Following the shooting of police officers in Dallas this week, conservatives raced to Twitter to blame President Barack Obama, but the data doesn't support their complaints.

Former Rep. Joe Walsh (R-IL) tweeted, "Obama's words & [Black Lives Matter]'s deeds have gotten cops killed." Rep. Steve King (R-IA) claimed the shooting had "roots" in the "anti-white/cop events illuminated by Obama."

But according to an analysis by the Chicago Tribune, blaming Obama or Black Live Matter activists, who began protesting shootings by police following the death of Michael Brown, isn't supported by any of the data available. In fact, their claims are outright false.

The Officers Down Memorial Page paints a different picture than conservatives would have the public believe. The site tracks law enforcement officers murdered in the line of duty in real time and shows an average of 101 police officers deliberately killed each year under the Reagan administration. Under George H.W. Bush that number fell to 90, to 81 under Clinton and 72 deaths per year under George W. Bush.

As for the Obama administration, that number has continued to drop. The average number of police murdered during his presidency has fallen to an average 62 deaths each year through 2015. Looking at projections for 2016, that number stays the same.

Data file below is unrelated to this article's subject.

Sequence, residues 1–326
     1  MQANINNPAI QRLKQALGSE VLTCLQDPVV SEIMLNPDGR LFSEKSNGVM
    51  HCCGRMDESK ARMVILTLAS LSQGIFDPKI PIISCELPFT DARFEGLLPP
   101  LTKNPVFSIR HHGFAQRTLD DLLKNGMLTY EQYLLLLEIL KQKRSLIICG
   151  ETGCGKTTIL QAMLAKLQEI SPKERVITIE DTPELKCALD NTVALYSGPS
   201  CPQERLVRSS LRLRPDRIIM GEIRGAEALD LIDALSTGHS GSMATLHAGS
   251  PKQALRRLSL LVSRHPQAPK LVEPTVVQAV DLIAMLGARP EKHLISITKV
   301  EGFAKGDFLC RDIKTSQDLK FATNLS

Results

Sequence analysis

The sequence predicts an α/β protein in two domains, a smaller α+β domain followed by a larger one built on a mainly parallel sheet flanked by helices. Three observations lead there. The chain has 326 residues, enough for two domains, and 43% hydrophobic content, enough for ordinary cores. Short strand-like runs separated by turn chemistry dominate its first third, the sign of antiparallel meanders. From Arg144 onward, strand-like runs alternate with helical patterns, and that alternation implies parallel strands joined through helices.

There are so few officers being killed intentionally that just the Dallas shootings skew the data showing a 44 percent increase. Without the murders this week, the year-over-year rise would only have been 17 percent.

This isn't about better medical care and quicker response time either. Under Obama's administration, assaults on police officers have dropped as well. The FBI reports that in 1988, the final year of the Reagan administration, police had 15.9 assaults per every 100 law enforcement officers. However, at the end of the Clinton administration in 2000, that number dropped to 12.7 assaults for every 100 officers. Under the Bush administration, it fell again 11.3. The trend has continued under Obama's administration. The most recent data from the FBI shows that in 2014 it decreased to 9.0.

It doesn't save the slain officers Dallas lost this week, but it does show a more optimistic future for officers who fear for their safety.